Emotions During Employment Gaps

By: Haleigh Streak

In the modern economy, with the rise of automation and gig work, employment gaps are common. These gaps may be voluntary (i.e. caretaking for new children or aging parents/grandparents, spouse relocation, etc.), or involuntary (i.e. downsizing and termination). No matter the nature, employment gaps signify considerable interruptions in career paths, and carry with them significant emotional strain. A recent article (Dust et al., 2018) published in Journal of Organizational Behavior provides compelling evidence for one factor that can help navigate the complications and stress associated with employment gaps: emotional intelligence.

The international research team (Scott Dust, Joseph Rode, Marne Arthaud-Day, Satoris Howes, & Aarti Ramaswami) examined employment quality following reemployment, in the forms of person-organization fit and person-job fit. The former entails alignment of employees’ personal values with the organization’s values, and the latter involves the pairing of employees’ knowledge, skills, and abilities with the demands of their specific jobs. Results from the 10-year field study of 157 alumni of a large American Midwestern university suggest self-esteem can help explain the relationship between facilitation-based emotional intelligence and employment gaps. In other words, individuals who are especially able to harness information about their emotions to enhance their thinking tend to have higher self-esteem which may actually help reduce the length of an employment gap. 

Furthermore, the researchers found that the ability to distinguish between emotions and to understand their causes may protect individuals from the effects of employment gap length on subsequent person-job fit. In general, as a gap in employment lasts longer, an individual’s fit with the new job following reemployment tends to decrease—this may not be the case, however, if you are particularly able to understand your emotions and what they mean in the context of your life.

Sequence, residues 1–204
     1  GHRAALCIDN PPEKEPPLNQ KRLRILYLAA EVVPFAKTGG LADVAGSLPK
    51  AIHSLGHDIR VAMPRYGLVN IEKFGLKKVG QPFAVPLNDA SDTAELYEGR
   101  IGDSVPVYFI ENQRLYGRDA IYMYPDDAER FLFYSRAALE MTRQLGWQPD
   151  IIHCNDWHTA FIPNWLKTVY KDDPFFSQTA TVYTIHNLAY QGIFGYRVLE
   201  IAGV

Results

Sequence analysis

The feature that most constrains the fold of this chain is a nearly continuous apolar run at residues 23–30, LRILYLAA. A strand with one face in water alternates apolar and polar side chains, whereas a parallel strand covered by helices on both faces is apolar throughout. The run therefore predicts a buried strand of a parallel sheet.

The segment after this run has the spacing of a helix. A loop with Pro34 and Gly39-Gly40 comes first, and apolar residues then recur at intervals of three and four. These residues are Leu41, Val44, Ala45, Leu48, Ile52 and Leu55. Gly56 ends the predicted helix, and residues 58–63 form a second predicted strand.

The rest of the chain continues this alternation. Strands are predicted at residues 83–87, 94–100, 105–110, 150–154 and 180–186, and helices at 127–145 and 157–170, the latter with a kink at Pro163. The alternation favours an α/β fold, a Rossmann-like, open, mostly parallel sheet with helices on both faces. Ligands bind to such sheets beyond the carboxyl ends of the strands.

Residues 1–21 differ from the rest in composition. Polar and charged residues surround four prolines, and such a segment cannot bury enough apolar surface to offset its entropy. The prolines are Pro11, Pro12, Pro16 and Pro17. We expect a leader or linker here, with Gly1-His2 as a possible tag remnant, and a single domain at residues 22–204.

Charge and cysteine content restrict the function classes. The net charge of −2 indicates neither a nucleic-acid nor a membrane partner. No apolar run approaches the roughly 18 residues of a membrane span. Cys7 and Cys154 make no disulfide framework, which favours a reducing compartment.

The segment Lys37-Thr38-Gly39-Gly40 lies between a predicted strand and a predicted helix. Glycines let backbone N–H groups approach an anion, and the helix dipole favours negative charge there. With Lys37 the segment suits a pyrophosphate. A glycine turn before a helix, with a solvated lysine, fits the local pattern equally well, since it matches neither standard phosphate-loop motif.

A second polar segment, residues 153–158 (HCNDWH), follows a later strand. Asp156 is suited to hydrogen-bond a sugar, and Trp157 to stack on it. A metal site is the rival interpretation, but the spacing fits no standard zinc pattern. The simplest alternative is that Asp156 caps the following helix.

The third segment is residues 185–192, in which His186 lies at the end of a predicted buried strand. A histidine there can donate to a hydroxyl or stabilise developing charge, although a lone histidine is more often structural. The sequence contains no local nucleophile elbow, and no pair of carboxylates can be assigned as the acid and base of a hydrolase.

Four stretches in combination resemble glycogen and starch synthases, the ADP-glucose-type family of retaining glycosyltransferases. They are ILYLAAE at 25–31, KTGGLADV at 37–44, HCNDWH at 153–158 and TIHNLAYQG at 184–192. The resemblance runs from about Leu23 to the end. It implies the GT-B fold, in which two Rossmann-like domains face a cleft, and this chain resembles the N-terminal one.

The article suggests that effectively understanding and coping with stress and emotions plays a pivotal role in managing unemployment. Those who have a better understanding of emotions may be better at coping and may have a heightened sense of control, which in turn, helps to find higher quality employment following an employment gap.

Generally, emotional intelligence is seen as an inherent, relatively stable quality about a person, but there is evidence (e.g., Slaski & Cartwright, 2003) that we can improve our emotional intelligence. Thus, individuals who strengthen their emotional intelligence may find that their gains do not just benefit their short-term interpersonal and professional experiences, but rather, their abilities to manage their career paths and any employment gaps they may face.

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